How our past informs our future

“To be literally informed about America’s Jewish problem, it is not necessary to know Hebrew or Yiddish. All that is required, initially, is a familiarity with the English alphabet. The following primer of English letters with Jewish meaning will serve for illustration.” 

I read those words last Thursday and I held my breath.  

I was visiting the Wyner Family Jewish Heritage Center, where JCRC’s archives, and so much of the New England Jewish community’s history is preserved. The staff had invited me to check out the collection following JCRC’s recent program with Professor Charles Gallagher. I sat down with him in April to talk about his book, Nazis of Copley Square. If you joined us that day you may recall that he talked about his use of JCRC’s archive, where so much information about right-wing extremism in 1930’s Boston is kept for posterity.  

As I looked through JCRC’s archives, another file, from June 1958, caught my eye. In a collection about our efforts to track and confront “White Citizens” councils and other groups here in Boston, there is a professionally printed pamphlet, The Point, produced in Still River, MA. This 4-page issue is devoted, in its entirety, to a mapping of the Jewish communal institutions of the time. Those words above come from the introduction. The rest of the newsletter is in the same hateful vein.

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(R): From the JCRC archives: The Point, 1958

I’ve been thinking a lot about that document, and our purpose, this past week. 

It was a rough week. I don’t need to tell you. We all follow the news. Last Saturday some 100 white nationalists marched through the streets of Boston. The condemnations and the questions followed. I’m reminded again how grateful we are to our partners at the ADL for their efforts and their their efforts.  

Then, of course, came the horror in Highland Park, Illinois on July 4th. This is one of those weeks when I’m grateful that it is not just Jews, but also leaders like Rev. Cornell Brooks at Harvard, who are connecting the dots for us, naming that antisemitism is a likely factor here, even as the investigation continues.  

It was also the week when antisemitic flyers were distributed in several towns around Massachusetts, including Chatham, Ipswich, and Hamilton.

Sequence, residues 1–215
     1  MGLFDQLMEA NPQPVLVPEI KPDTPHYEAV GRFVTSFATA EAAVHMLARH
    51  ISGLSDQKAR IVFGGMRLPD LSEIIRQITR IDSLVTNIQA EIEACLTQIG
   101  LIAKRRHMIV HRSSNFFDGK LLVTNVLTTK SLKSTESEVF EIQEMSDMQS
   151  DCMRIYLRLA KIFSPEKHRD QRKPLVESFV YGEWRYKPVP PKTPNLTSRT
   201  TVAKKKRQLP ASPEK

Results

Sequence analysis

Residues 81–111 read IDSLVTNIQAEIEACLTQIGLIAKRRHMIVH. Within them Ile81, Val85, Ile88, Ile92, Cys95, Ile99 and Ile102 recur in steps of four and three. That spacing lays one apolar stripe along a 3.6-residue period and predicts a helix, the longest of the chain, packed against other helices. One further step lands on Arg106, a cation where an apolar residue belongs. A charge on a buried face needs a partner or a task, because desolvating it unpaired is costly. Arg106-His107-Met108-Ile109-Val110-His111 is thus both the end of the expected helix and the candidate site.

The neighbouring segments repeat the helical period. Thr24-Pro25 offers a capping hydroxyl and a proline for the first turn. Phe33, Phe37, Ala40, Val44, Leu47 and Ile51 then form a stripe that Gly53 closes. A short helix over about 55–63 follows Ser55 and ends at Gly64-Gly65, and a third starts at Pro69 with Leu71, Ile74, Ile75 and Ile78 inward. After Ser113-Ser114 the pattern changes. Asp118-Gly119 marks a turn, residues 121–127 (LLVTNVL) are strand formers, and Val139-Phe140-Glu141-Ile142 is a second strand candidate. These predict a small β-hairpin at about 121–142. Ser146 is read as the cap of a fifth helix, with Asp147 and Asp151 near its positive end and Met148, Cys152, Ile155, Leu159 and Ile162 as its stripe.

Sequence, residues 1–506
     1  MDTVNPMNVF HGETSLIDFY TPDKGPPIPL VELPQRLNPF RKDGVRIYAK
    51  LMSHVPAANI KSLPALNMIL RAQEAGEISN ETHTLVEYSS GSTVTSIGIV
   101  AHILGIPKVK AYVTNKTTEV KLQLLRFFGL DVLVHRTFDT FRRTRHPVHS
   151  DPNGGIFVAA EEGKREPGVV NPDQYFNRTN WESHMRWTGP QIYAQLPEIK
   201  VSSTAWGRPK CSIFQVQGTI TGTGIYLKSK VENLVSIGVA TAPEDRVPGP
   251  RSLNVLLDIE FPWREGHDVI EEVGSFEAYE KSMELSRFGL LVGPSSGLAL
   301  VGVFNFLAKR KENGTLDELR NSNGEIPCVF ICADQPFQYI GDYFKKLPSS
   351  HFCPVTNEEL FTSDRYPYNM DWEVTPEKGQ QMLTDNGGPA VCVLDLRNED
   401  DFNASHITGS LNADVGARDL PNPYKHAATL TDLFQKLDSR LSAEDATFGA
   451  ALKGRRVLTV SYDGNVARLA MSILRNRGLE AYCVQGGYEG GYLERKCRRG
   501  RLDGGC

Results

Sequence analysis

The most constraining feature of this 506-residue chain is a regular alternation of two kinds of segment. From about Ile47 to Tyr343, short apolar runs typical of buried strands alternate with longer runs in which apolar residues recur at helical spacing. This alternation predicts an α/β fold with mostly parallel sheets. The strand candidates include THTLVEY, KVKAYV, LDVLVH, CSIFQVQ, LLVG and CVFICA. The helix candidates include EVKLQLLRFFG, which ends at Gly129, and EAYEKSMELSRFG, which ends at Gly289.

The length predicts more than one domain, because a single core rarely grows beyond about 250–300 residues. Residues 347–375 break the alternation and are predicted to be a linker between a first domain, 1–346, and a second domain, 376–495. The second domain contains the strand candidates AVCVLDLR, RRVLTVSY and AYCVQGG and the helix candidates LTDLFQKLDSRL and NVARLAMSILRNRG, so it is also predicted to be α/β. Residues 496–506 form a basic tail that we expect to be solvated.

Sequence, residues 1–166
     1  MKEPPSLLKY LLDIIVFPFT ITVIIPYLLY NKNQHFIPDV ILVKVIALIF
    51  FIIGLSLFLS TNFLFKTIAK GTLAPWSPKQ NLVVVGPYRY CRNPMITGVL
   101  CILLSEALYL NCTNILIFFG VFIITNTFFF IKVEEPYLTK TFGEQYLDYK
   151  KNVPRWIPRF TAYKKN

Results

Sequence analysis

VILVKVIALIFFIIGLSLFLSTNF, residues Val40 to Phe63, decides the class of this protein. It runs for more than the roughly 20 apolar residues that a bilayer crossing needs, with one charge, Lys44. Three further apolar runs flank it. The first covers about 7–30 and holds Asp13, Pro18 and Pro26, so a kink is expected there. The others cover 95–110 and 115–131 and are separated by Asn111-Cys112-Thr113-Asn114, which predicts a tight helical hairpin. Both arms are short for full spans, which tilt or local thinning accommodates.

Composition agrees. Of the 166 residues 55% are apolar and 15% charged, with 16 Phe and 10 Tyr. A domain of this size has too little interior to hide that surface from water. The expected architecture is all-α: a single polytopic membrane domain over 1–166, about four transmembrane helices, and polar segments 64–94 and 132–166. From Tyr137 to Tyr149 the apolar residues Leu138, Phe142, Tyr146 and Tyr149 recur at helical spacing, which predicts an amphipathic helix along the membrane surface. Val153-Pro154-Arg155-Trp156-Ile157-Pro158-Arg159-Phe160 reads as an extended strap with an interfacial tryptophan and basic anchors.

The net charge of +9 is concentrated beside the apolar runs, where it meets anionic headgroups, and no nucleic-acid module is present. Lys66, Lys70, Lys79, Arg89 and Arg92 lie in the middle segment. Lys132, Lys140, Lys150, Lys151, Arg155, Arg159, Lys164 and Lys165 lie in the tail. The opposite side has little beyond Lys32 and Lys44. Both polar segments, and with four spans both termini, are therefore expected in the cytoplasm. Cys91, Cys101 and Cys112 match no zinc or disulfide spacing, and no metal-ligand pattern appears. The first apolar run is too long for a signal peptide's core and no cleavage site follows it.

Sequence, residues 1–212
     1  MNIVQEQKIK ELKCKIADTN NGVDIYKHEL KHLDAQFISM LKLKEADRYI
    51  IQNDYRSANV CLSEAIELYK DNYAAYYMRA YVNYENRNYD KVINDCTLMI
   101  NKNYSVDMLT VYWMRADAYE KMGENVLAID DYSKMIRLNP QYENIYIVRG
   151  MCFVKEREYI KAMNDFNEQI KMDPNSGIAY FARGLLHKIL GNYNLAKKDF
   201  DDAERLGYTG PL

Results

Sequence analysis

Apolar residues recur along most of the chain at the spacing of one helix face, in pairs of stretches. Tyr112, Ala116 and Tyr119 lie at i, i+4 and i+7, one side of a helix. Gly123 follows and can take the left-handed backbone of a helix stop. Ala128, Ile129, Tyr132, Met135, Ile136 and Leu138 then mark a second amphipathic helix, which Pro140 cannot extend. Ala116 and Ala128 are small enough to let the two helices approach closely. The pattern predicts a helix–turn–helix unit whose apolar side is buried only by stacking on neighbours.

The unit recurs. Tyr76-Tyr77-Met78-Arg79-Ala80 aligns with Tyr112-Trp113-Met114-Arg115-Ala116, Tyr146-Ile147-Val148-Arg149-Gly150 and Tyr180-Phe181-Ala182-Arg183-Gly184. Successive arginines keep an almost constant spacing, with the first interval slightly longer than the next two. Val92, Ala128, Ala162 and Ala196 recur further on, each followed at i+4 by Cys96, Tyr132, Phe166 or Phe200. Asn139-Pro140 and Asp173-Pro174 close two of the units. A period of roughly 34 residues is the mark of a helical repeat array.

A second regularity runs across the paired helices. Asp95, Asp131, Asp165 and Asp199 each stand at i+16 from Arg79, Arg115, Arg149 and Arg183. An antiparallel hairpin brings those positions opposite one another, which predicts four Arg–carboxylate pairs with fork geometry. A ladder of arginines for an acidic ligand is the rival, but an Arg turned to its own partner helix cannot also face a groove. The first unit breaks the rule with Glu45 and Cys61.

We at JCRC have been paying attention to the threat of right-wing extremism for a very long time. In the 1930’s, Jewish leaders and activists in Boston began monitoring Nazis in our city. This initiative led to the formation of JCRC as a shared communal effort to engage with government, the media, and faith partners.  And, as the technology and the expressions of antisemitism have evolved and developed over the years, we’ve continued to focus on this work. But since the beginning, that focus has also included action - organizing our community and our partners to confront this hate; to articulate expectations for our elected officials, local media, and civic partners, and to build bonds of partnership around shared interests and shared threats to our civic fabric.  

Although we know that antisemitism has evolved and is not limited to that which comes from the right (as even the reference, right now, to “mapping” reminds us) it still is not lost on us and our community that a particular and violent threat to Jews and to all Americans, and to the very fabric of our democracy, is very real, as was seen again this week: 

One of the efforts we’ve amplified and supported in recent years was the successful litigation by Integrity First for America against the neo-Nazis in Charlottesville. Robbie Kaplan and Yotam Barkai, two of the attorneys in that effort, said it well in the Boston Globe this week: 

In light of Patriot Front’s actions — in Charlottesville in 2017, in Idaho in June, and in Boston this past weekend — anyone who doesn’t think that the freedom and independence that we celebrate every year is under severe threat is sorely mistaken. We hope that Americans are finally paying attention. 

I hope that we, together, will continue to pay attention, to take this threat as seriously as we must, and that you’ll be a part of that work with us – confronting antisemitism, defending our democracy, and building bridges with all of Boston’s communities in service to our common future.

Shabbat shalom,

Jeremy

P.S. There were many incredible finds at the Wyner Family Center that tell our story and provide other examples of the ways we’ve been grappling with very familiar challenges as a community for a long time. I hope to tell you more in coming posts. And I encourage you to check them out as well. They are an amazing resource for our community. 

JCRC Statement on Polarization, 1970
JCRC Statement on Polarization, 1970